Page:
Being Present is Your Greatest Gift
How to learn from our children’s natural gift of living in the moment
By Dr Claire Jensen, Clincal Psychologists, Psychology Consultants
When the clock struck midnight and we ventured into the clean slate of 2017, many of us reflected on how we can better ourselves. One very simple resolution that struck a chord, was a mother’s pledge to delete social media apps from her phone so she could be more present. With a simple click of a wriggly cross, she would make a monumental difference to her ability to be present on a daily basis.
As parents we have the task of trying to meet our needs and that of our children simultaneously. This hefty feat is made even more difficult by modern technologies that act as constant temptations to multitask, by either checking our phone, email or other social media. Of course we are all entitled to a bit of our own time out and “argh, that online bill needs paying ASAP!’. However, when we are constantly dividing our attention it often leads us to feel stressed, unfulfilled and means we miss the beauty of the present moment.
Mindfulness is state of whole mind and body awareness focusing on the importance of our present experience rather than that of the past or future. It has been proven to reduce stress and the severity of depression, anxiety and ADHD in children and adults alike. The way we act as adults has a significant impact on a child’s opinion of themselves and their personal resilience. Being present with your child, playing with them undistracted, helps them to feel worthwhile and reinforces their natural tendencies to live in the moment.
Ellen Langer and team, a world-renowned mindfulness researcher found that children not only prefer to interact with mindful adults, but actually devalue themselves following interactions with mindless adults (Langer, Cohen & Djikic, 2010 as sited on www.kidsmatter.edu.au)
So, whatever your goals for the New Year, finding small ways to practice mindfulness can greatly benefit your wellbeing, and in turn reinforce the act of being present for our children.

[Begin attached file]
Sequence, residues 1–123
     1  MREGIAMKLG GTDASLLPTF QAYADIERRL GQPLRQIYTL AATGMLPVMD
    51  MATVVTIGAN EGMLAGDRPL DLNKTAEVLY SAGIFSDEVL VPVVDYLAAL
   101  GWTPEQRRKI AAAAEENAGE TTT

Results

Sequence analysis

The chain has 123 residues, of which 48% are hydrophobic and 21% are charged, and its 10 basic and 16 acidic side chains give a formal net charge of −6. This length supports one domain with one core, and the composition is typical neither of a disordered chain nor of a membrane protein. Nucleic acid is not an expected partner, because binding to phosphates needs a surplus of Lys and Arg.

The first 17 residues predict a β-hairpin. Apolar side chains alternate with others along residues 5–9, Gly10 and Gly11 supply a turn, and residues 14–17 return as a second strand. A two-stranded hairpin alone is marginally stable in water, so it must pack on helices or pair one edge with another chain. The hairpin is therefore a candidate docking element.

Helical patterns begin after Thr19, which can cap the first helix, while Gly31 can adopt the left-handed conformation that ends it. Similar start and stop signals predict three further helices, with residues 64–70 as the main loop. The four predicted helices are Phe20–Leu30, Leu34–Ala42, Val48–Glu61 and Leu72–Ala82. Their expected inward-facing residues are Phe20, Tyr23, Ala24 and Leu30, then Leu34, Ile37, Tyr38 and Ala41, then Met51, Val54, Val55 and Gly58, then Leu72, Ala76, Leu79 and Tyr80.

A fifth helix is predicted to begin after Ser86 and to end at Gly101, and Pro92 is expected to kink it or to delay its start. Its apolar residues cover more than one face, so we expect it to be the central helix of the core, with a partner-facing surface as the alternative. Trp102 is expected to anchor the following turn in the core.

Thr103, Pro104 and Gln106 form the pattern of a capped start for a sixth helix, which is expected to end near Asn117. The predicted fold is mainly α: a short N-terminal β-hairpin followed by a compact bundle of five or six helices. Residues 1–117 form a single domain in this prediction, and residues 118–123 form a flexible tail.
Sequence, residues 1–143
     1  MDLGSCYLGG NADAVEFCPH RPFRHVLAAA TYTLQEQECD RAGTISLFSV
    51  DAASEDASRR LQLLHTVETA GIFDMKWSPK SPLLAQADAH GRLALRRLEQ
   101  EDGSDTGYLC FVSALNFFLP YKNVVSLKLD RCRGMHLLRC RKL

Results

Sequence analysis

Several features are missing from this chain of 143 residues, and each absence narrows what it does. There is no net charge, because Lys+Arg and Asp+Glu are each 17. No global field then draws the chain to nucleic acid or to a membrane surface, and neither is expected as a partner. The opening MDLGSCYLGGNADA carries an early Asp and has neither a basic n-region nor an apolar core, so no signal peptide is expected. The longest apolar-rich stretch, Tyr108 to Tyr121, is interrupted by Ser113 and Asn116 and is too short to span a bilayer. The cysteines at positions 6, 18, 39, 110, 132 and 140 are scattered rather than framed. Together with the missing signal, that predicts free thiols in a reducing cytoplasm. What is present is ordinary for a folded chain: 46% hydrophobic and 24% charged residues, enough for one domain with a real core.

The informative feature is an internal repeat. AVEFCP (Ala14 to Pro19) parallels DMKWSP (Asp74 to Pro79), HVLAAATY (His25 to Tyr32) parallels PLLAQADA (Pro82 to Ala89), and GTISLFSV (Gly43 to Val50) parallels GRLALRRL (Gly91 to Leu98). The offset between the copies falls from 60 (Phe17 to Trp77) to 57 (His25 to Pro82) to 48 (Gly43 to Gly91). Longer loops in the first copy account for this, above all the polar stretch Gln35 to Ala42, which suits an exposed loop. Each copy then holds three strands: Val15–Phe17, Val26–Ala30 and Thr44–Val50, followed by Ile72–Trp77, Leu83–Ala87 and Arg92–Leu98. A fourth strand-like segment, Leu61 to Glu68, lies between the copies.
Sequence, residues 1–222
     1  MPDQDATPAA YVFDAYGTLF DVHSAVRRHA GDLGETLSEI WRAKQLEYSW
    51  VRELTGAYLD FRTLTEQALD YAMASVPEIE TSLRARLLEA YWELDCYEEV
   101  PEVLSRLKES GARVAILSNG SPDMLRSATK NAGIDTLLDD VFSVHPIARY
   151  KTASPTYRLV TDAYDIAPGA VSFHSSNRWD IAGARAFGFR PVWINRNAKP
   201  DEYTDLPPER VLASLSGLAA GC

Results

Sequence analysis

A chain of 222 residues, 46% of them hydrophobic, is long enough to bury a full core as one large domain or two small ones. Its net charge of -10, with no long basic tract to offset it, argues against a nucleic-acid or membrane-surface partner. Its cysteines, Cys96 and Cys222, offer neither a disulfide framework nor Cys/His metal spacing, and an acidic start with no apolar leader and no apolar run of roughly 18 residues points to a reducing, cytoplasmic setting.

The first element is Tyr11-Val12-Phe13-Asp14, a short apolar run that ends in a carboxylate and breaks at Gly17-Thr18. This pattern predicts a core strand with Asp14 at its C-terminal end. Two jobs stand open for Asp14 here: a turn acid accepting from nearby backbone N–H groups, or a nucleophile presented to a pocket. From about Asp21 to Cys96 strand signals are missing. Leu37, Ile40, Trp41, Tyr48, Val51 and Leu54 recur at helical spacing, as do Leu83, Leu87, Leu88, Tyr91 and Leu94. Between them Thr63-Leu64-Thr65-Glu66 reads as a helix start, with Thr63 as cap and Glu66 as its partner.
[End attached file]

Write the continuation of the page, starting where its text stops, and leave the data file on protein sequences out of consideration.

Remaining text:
Dr Claire Jensen, clinical psychologist recognises there is increasing pressures and stressors on parents, making being present a real challenge.
“Committing to daily mindfulness is like any other behaviour change… it seems difficult at first! But the more we practice, it becomes less of a chore and more of a habit that benefits not only ourselves but also those around us” Dr Jensen says.
Herein lie a few simple ways you can practice mindfulness daily:
- Start your day mindfully by stretching each part of your body and noticing how it feels. This can be a fun activity with a child as you can ask them how each body part feels today. Start with “How are your feet feeling today, Sam?” All the way up to the face and hopefully a SMILE! Or if you have older children see if they will join you on a yoga mat to start the morning stretching together.
- Be in the moment. Take time to notice the present. Ask yourself (and a child if appropriate). What can I see? Feel? Hear? Smell? And Taste? It is amazing the things you will notice that the multitasker in you has previously missed.
- Mindful activity. Fully engage in an activity, distraction free. This can be alone or with a child. It sounds strange but a hair brushing ritual whilst focusing on breathing and enjoying the moment can be very relaxing for parent and child alike. But if this is not your thing it can be anything from playing, reading, to using technology… as long as you fully engage, you are living life to the fullest in that moment and isn’t that what it’s all about!